HTML & CSS: Not-So-Foreign Languages
At the end of the fall semester of 2002, I was volunteered to work on a web design project: overhauling a cluster of five web sites for local wildlife refuges. I'd never contemplated how a web page was built until then and, on the whole, the internet was a big mystery. I took several minutes to panic and wonder why I had been volunteered for the project, then got down to business and focused on a plan of attack. The first step: sign up for a web design class for the next semester.
I was terrified at first. I had tried learning a foreign language before and after seven years, still couldn't carry on a conversation without writing down everything I was going to say and double-checking my conjugations. Now I had to learn a new language from the ground up in less than 5 months.
The difference between Spanish and HTML, however, is fairly basic: HTML is written using English terms. It's not really a foreign language. It's less important to know what the different tags mean than to know what they do. So stands for "HyperText Mark-up Language" and tells the browser what language the page is written in; what the tag does from a practical standpoint is surround the full content of a web page's source code.
Back then, browser support for Cascading Style Sheets (CSS) was full of bugs at best and nonexistent at worst. We spent less than an hour during the entire semester on it. Everything was built using the rigid structure of tables or frames. I built web sites for friends and family for three years using this method before I took another class.
By 2006 when I settled on web design as a career option, CSS had become a browser standard and I had to not only learn a new language, but I had to re-learn HTML in order to integrate CSS. It was a daunting prospect, but I tackled it the same way: sign up for a class. At first, I hated CSS because it changed everything about how I built web sites, but now I look back and wonder how I ever built web sites without CSS.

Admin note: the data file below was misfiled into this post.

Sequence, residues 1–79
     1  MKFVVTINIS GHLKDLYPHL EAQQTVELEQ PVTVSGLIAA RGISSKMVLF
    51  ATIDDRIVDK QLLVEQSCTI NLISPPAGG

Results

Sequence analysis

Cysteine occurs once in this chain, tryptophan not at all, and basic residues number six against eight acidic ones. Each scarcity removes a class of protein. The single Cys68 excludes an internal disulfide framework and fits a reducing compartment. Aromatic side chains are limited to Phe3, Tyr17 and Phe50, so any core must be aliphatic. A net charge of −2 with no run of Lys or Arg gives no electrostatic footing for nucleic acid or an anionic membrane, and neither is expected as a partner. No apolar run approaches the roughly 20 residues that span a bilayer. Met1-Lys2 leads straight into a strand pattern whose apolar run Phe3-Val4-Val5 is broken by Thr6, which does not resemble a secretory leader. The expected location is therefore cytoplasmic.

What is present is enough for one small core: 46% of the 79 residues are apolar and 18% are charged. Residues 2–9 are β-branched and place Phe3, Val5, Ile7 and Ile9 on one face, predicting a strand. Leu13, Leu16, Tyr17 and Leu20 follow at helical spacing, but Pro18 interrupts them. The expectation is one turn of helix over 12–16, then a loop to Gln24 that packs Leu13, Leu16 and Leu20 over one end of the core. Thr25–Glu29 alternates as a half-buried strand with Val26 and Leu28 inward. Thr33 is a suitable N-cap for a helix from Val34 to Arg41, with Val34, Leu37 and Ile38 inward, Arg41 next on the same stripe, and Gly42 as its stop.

In this day and age, HTML and CSS familiarity has almost become a requirement for anyone who works in an office and uses a computer. Many aspects of the iProduction Publishing Platform rely on the use of HTML and CSS, a concept that can be intimidating to users. But who has the time and money in this economy to take one or more classes at a university to learn it? Fortunately, some helpful folks have created tutorials that anyone can take at any time.
W3Schools by Refsnes data is a free Internet Developers Portal. Their tutorials are short, sweet, and to the point.
The first six chapters of the HTML Basic tutorial will cover the basic information most users may use on the iProduction Publishing Platform. These chapters include definitions of HTML elements, several of the more common tags and attributes, and even provide test web pages you can use and a "Try It Yourself" dynamic editor. The HTML Basic tutorial can be found here: W3Schools HTML Basic Tutorial.
The CSS Basic tutorial consists of five chapters covering definitions of CSS elements, proper syntax, and how to use CSS. Like the HTML tutorial, it includes the "Try It Yourself" dynamic editor. The CSS Basic tutorial can be found here: W3Schools CSS Basic Tutorial.
Although neither Basic tutorial cover all of the possible options and combinations of HTML tags and CSS styles, the W3Schools web site also has reference sheets for these:
iProduction encourages our clients to complete the recommended tutorials below; familiarity with HTML and CSS will allow users to identify and change coding errors that interfere with the display of content on the web site. Our customer support and professional services staff are always happy to assist users and demonstrate some of the more complex methods for using HTML and CSS.
And the most important thing to remember: even the professionals had to take classes to learn HTML and CSS.